A while back I was visiting a local Hazelnut farm and at the end of the carpark I noticed large piles of hazelnut shells. I don’t have a smoker or have actually smoked anything before, but thought the shells potentially could be a used as a good flavour for smoking. So I asked he owners nicely and they let me take some shells home.
Since I currently don’t have a smoker… yet, I wanted to try and smoke some salt on my kettle BBQ and use it in a charcuterie project – hoping that the salt would carry through and enhance the meat. Basically by smoking the salt, I wanted to give the finished product a smoky flavour without physically smoking the product.
1-2 cups course or rock salt
hazelnut shells (or whatever you have i.e. woodchips; you can buy different flavoured woodchips specifically for use in smoking at most BBQ and outdoor stores).
Note: some types of wood may produce smoke that is not very good for you, so it is probably best to do a bit of research about what you were planning on using before you start. Definitely avoid anything containing resins and bark.
Firstly, soak the hazelnut shells for a few hours or alternately overnight in a bowl of water.
Meanwhile, light your BBQ. I used the charcoal bricks, I heated them up and cooked lunch first (making good use of the BBQ and coals).
Strain the hazelnut shells.
Remove the cooking grate from the BBQ. Place several handfuls of the wet hazelnut shells over the coals to generate smoke. Smoke loves moisture, it also helps the flavour absorb into the salt.
Once you are happy with the amount of smoke being produced place the grill/grate back over the BBQ. You can keeping adding more wet hazelnut shells when needed or spray with a fine mist spray bottle spraying from time to time to keep making more smoke.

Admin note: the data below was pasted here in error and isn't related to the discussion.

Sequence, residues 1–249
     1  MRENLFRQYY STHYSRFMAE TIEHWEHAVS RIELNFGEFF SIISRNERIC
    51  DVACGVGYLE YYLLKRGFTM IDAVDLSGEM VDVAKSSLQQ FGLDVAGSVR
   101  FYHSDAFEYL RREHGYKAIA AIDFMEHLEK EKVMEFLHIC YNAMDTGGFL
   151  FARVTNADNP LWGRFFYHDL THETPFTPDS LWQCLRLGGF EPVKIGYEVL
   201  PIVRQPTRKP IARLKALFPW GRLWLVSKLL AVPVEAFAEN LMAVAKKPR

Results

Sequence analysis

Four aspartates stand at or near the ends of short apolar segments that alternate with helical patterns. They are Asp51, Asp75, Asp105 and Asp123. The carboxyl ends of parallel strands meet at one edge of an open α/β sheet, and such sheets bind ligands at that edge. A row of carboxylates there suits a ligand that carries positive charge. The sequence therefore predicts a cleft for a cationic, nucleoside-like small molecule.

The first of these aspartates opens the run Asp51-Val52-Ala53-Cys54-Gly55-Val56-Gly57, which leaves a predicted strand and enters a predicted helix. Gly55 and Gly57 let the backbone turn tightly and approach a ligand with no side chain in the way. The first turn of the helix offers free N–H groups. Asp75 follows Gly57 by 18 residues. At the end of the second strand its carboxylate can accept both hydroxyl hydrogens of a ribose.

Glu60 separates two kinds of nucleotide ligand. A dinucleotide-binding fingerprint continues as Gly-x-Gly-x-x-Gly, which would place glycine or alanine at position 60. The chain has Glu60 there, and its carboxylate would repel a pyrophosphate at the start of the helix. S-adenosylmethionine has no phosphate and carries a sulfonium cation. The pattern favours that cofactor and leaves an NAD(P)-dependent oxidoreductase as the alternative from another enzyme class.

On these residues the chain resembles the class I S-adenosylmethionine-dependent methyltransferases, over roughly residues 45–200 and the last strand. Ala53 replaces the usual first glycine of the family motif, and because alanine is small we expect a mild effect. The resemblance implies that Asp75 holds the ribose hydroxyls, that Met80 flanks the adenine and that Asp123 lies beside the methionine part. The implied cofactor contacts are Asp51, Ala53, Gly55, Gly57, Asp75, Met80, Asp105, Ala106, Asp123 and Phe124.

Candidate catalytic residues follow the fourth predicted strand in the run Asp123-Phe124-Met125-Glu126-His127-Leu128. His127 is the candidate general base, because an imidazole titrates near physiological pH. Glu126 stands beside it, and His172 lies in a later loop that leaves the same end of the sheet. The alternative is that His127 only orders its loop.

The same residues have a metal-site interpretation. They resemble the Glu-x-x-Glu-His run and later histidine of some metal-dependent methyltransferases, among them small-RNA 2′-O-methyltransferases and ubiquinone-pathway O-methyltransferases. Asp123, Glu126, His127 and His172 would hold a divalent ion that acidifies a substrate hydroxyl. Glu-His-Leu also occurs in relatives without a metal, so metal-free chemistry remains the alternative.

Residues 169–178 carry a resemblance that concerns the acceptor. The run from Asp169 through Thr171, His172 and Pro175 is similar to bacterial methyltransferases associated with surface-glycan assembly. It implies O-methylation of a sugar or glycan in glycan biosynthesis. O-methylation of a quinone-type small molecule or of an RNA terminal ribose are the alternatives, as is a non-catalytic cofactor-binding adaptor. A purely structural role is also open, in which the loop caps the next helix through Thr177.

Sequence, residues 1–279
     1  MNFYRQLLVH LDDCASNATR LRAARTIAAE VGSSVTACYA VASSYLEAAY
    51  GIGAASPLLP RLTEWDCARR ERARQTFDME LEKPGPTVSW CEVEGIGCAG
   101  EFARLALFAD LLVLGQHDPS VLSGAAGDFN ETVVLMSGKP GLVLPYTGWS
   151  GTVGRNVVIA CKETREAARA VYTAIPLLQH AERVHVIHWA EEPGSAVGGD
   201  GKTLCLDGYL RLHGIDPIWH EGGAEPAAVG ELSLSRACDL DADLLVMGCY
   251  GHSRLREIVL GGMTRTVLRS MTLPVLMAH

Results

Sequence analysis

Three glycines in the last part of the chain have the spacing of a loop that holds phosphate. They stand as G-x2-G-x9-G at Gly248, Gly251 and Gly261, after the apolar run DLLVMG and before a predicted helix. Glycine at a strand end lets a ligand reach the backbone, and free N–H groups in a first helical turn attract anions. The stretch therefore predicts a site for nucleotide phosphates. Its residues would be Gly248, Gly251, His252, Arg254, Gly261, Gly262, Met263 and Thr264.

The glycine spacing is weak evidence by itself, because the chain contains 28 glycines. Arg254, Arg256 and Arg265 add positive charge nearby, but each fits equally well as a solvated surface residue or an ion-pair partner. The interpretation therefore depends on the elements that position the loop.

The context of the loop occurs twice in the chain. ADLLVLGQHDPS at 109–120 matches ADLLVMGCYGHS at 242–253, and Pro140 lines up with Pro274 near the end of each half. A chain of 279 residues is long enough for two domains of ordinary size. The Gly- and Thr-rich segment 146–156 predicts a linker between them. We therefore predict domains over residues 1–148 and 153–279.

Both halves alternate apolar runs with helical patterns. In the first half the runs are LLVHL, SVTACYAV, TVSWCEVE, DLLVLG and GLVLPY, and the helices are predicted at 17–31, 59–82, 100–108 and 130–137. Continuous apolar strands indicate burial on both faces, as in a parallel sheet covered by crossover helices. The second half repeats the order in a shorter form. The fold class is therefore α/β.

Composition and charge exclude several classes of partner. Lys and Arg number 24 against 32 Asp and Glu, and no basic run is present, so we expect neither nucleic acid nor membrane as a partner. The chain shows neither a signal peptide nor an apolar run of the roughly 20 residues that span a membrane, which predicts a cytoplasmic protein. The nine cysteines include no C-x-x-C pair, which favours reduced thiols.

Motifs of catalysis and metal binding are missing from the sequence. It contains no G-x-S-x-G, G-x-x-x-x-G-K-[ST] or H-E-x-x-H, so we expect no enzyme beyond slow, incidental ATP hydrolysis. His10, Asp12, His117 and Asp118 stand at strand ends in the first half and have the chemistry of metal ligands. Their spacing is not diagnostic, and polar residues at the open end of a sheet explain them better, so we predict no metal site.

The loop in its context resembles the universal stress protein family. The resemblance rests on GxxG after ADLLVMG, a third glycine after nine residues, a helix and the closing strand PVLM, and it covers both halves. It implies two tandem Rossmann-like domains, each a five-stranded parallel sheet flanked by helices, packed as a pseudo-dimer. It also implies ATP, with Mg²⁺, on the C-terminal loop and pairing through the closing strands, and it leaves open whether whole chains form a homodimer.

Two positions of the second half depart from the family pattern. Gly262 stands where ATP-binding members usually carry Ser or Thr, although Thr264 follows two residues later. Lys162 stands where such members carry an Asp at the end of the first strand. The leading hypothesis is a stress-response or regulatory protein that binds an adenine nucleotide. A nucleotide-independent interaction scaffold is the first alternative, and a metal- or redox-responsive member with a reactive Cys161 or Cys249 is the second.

Since I hadn’t done this before, I tried smoking salt with two slightly different methods. The first was in a disposable foil BBQ tray with holes punched in the bottom which allowed for for the smoke to flow through. Spread out the salt in a thin layer and let sit in the BBQ with the lid down. I punched the holes from the underneath the tray so there were little ‘walls’ to help prevent any salt escaping. Most pieces of salt were bigger than the holes anyway, so I didn’t really have any issues with runaway salt. Coarser salt also holds the smoke flavour better than a fine grain. The larger surface are has more places for the smoke to stick to givin it a better coating, which allows for more flavour absorption.
The other method was on a mesh screen or a ‘splatter guard’. The salt was again spread out in a thin layer, the splatter guard was just sitting on top of the rack and the lid closed. The air vent holes were adjusted to a medium heat. I gave the salt a stir every 30-40 minutes to give an even coating of smoke.
I left if for around 6 hours, then I let the coals burn out completely. The salt was definitely smokey but I couldn’t tast anything particularly hazelnutty.
A close up of the smoked salt.
The colour and aroma in the finished salt was unreal. Leave the salt to completely cool down in the smoker. Store in an airtight container. Place in a grinder or mortar and pestle to break up into smaller pieces for use.